Delegates from around the world have arrived in Switzerland for the beginning of a conference designed to bring an end to the violence that has claimed tens of thousands of lives in Syria. Yet what exactly their role will be at the talks was unclear.
Diplomats from Mexico and Brazil, speculating on why their countries’ delegations had been invited, said their nations were certain to favor a political solution to the conflict between Syrian President Bashar Assad and those who are battling to topple him.
But they also said they were certain that the United States and Russia would have the biggest influence in the outcome of the conference – in no small part because they were the only two countries likely to still be represented when direct talks between the Syrian government and its opposition begin on Friday.
“The fact that we’re from the developing world, we believe that we can speak to the whole conference,” said a senior Brazilian diplomat who, citing diplomatic protocol, agreed to speak about his country’s participation as long as he was not identified by name.
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The diplomat said that Brazil is home to one of the largest Syrian communities in the world, which gives it a special interest in seeing peace achieved.
“What we want to see is the parties talking about a political solution over a military commitment,” he said. “Brazilians have some measure of Syrian blood due to our large diaspora population.”
He added, “The developing countries, Brazil, India and South Africa, we plan to talk to the regime and talk some sense into them.”
But a senior Mexican official based in Washington, who also cited diplomatic protocol in asking to remain anonymous, suggested there would be only a limited role for most of the nations who’ll gather in Montreux, Switzerland, on Wednesday. Few will follow when the conference moves to Geneva on Friday.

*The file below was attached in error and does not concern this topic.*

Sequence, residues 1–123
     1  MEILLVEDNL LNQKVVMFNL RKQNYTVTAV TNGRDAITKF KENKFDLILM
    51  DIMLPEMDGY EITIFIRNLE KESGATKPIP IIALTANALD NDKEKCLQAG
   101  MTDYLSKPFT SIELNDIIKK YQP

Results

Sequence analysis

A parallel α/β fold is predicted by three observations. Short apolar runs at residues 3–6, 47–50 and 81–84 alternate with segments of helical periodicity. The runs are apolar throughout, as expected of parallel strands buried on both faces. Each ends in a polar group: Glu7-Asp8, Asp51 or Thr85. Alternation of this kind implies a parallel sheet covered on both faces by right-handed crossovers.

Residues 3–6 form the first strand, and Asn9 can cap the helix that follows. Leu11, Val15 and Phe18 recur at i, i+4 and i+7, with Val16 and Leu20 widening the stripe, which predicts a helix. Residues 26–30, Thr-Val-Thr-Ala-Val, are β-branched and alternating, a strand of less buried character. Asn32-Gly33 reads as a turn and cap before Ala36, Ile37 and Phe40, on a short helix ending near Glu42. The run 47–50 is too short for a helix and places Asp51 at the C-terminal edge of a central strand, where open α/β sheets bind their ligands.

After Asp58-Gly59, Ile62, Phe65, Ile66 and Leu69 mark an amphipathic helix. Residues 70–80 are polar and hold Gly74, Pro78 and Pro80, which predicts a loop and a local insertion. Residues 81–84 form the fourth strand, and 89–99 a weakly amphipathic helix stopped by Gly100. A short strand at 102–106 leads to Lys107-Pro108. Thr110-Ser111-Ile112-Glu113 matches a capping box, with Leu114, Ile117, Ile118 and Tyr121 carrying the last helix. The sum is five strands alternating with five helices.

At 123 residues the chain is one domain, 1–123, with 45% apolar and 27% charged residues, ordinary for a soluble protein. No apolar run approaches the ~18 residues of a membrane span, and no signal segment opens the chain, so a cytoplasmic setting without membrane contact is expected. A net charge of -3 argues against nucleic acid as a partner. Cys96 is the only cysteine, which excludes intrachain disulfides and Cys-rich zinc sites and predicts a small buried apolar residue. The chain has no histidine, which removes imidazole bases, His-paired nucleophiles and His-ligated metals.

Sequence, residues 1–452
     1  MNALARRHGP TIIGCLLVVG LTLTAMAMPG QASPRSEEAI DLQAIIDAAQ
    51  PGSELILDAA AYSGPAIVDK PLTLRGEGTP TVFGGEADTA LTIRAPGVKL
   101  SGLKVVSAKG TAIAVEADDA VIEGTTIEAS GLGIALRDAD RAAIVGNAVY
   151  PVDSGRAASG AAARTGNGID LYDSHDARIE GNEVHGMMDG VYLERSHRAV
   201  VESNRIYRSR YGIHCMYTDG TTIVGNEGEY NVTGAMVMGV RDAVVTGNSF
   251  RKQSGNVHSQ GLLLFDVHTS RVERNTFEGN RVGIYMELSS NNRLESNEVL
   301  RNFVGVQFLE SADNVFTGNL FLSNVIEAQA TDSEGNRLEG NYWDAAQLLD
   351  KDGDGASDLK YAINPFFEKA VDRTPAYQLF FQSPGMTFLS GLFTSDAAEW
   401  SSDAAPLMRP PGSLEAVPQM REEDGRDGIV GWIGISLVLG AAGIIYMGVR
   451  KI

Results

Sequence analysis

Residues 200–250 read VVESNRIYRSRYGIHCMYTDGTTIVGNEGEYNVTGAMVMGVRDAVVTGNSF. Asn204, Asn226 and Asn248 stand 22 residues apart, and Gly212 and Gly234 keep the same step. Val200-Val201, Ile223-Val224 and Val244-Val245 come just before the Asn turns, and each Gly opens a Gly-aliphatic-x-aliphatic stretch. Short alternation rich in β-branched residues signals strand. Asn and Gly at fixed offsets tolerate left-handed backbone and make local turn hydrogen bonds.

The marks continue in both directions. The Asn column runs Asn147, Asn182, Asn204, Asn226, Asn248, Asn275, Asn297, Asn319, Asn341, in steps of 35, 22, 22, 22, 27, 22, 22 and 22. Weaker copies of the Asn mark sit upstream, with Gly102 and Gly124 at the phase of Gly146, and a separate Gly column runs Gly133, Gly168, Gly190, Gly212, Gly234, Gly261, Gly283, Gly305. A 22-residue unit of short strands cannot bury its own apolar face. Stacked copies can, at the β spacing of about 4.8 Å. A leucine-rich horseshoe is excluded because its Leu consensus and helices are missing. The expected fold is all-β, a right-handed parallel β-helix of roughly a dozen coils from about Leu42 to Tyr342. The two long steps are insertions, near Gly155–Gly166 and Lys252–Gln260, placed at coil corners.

“I don’t think all the players will be there past Wednesday,” he said.
Only the United States, Russia, the two Syrian delegations and U.N. Syria envoy Lakhdar Brahimi will be involved in any direct talks on the conflict. The 37 other nations in attendance will be window dressing, he said.
Indeed, the diplomat suspected that Mexico might have been invited at the last minute only to give U.N. Secretary-General Ban Ki-moon cover for inviting Iran, whose invitation and that of nine other countries came on Sunday. Iran’s was rescinded on Monday, after the United States voiced strenuous objections and Iran declined to endorse the 2012 agreement that set the conditions for this week’s gathering.
“The thing that cut the deal was Iran,” the Mexican diplomat said about his country’s invitation.
Ban, asked on Sunday why Mexico had been invited, declined to provide specifics, saying only that Mexico is “a very important regional country.”
The secretary-general’s press office also declined to comment further on the specifics behind the additional invitations, which went to Australia, Bahrain, Belgium, Greece, the Vatican, Luxembourg, the Netherlands and South Korea.